Preprints
https://doi.org/10.5194/cpd-6-1077-2010
https://doi.org/10.5194/cpd-6-1077-2010

  01 Jun 2010

01 Jun 2010

Review status: this preprint was under review for the journal CP. A revision for further review has not been submitted.

Climate response to freshwater perturbations in Northern or Southern Hemispheres at the last glacial inception, the last glacial maximum and the present-day

G. Philippon-Berthier1,*, G. Ramstein1, S. Charbit1, and C. Ritz2 G. Philippon-Berthier et al.
  • 1LSCE-Orme, point courrier 129, CEA-Orme des Merisiers, 91191 Gif-Sur-Yvette Cedex, UMR 8212, France
  • 2Laboratoire de Glaciologie et Géophysique de l'Environnement, UMR 5183, 38402 Saint Martin d'Hères Cedex, France
  • *now at: Center for Climatic Research, 1225 W. Dayton St., Madison, WI, USA

Abstract. Freshwater inputs in North Atlantic due to huge surge of icebergs coming from ice sheets might be responsible for drastic regional and global abrupt climatic transitions. To quantify the sensitivity of climate system to these freshwater inputs, we use a model of intermediate complexity coupled to ice-sheet models for both Northern and Southern Hemispheres. We mimic the Dansgaard-Oeschger and Heinrich Events by forcing the model with appropriate freshwater perturbations. The originality of this study is to investigate with such a global model, the response of the coupled system to freshwater discharges for three different climate contexts, the Last Glacial Maximum (LGM), the Last Glacial Inception (LGI) and the present-day (PD) climates.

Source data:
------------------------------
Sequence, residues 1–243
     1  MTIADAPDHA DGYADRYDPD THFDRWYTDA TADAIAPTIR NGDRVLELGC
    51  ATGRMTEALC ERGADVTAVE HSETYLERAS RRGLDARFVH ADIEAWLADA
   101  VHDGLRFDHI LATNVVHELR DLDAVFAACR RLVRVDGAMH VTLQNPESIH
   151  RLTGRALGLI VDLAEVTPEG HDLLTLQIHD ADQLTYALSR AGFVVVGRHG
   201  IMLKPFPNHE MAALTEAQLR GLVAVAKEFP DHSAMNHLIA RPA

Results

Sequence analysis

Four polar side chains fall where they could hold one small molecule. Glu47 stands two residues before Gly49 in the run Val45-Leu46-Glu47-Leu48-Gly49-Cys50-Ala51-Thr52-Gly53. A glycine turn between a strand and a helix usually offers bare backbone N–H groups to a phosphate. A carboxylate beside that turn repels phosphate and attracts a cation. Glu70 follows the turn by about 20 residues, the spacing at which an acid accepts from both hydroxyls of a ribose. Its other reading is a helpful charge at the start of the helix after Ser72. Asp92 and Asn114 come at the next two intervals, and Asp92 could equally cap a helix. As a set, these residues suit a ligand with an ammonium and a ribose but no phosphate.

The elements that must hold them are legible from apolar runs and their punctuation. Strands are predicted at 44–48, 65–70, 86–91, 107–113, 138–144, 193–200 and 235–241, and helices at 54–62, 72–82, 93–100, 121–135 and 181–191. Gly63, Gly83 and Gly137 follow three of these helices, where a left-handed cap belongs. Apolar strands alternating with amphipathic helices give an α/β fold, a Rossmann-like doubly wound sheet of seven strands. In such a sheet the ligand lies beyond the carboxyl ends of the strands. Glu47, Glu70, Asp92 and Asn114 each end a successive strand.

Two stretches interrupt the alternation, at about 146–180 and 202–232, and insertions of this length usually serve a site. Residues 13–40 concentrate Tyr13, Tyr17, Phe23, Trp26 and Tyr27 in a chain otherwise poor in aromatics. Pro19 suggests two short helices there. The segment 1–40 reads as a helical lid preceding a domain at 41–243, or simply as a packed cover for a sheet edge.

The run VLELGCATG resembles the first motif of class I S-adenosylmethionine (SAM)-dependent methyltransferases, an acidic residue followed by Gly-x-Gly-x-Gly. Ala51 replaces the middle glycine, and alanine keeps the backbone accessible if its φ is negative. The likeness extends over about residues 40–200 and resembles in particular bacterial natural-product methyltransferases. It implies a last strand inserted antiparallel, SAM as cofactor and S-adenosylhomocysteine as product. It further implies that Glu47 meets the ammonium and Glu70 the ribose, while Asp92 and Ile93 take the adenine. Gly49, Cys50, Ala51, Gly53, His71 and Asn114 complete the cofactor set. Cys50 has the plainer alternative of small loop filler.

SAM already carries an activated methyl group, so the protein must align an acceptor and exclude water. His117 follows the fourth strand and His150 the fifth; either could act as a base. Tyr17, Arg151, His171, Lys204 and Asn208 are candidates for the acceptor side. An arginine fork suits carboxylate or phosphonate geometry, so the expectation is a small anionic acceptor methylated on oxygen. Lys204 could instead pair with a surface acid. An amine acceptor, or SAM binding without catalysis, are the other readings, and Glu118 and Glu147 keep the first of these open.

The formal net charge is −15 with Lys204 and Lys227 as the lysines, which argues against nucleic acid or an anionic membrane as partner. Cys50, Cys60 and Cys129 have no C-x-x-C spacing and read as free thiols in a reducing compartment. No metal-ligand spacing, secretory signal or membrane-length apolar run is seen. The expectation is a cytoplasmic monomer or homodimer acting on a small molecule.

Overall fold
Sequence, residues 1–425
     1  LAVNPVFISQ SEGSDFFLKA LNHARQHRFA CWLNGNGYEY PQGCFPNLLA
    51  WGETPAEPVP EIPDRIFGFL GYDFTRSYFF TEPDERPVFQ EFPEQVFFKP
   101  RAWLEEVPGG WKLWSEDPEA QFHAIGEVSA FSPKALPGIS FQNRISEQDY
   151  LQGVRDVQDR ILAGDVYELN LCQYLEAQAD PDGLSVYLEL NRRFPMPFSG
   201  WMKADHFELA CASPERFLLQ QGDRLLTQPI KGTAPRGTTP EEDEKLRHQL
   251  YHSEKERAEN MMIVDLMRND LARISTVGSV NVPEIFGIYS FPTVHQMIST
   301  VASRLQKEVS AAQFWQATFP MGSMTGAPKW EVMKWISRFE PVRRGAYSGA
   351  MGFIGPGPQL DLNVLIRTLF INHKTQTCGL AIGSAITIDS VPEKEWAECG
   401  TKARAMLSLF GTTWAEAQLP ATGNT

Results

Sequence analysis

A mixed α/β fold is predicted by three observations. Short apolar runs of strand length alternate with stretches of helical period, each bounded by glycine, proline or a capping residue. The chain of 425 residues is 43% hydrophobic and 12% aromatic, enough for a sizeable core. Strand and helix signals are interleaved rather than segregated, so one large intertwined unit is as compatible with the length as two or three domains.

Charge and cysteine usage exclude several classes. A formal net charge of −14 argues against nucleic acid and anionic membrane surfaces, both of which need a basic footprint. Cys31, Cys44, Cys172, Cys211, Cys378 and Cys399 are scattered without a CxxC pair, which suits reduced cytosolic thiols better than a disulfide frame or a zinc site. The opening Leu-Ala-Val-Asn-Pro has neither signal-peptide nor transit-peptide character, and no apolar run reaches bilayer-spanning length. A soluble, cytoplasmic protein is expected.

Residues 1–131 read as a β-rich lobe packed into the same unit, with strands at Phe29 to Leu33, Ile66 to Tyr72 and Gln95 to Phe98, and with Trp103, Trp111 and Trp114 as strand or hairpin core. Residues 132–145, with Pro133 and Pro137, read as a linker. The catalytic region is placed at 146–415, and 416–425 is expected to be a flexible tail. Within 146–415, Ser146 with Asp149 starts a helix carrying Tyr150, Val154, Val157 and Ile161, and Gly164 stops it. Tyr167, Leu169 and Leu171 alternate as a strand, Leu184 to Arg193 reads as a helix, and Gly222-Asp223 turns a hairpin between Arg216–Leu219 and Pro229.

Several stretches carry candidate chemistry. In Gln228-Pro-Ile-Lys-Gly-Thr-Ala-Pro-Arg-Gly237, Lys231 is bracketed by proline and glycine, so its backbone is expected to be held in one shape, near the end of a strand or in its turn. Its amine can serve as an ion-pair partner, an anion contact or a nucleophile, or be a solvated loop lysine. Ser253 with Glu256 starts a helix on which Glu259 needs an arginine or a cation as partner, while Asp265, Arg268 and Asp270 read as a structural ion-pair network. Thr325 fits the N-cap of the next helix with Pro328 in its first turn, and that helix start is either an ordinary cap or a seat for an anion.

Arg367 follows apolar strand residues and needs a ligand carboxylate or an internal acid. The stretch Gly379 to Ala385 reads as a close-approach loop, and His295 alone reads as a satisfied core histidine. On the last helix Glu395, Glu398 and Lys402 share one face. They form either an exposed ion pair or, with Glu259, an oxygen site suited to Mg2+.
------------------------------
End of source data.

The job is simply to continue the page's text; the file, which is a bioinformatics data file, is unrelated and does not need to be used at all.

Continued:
We first show that in all climate contexts, the North Atlantic circulation is more sensitive to freshwater flux when ice sheets are present. Secondly, the "seesaw" mechanism occurs mostly for the North Atlantic freshwater perturbation whereas it remains very weak for the Southern Ocean freshwater release. Moreover, this seesaw is generally enhanced when ice sheets are interactive. The most striking result is that the freshwater perturbation amplifies the inception of the North American ice sheet at LGI the sea-level drop associated is significantly increased and in a much better agreement with data.

G. Philippon-Berthier et al.

 
Status: closed (peer review stopped)
Status: closed (peer review stopped)
AC: Author comment | RC: Referee comment | SC: Short comment | EC: Editor comment
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Status: closed (peer review stopped)
Status: closed (peer review stopped)
AC: Author comment | RC: Referee comment | SC: Short comment | EC: Editor comment
Printer-friendly Version - Printer-friendly version Supplement - Supplement

G. Philippon-Berthier et al.

G. Philippon-Berthier et al.

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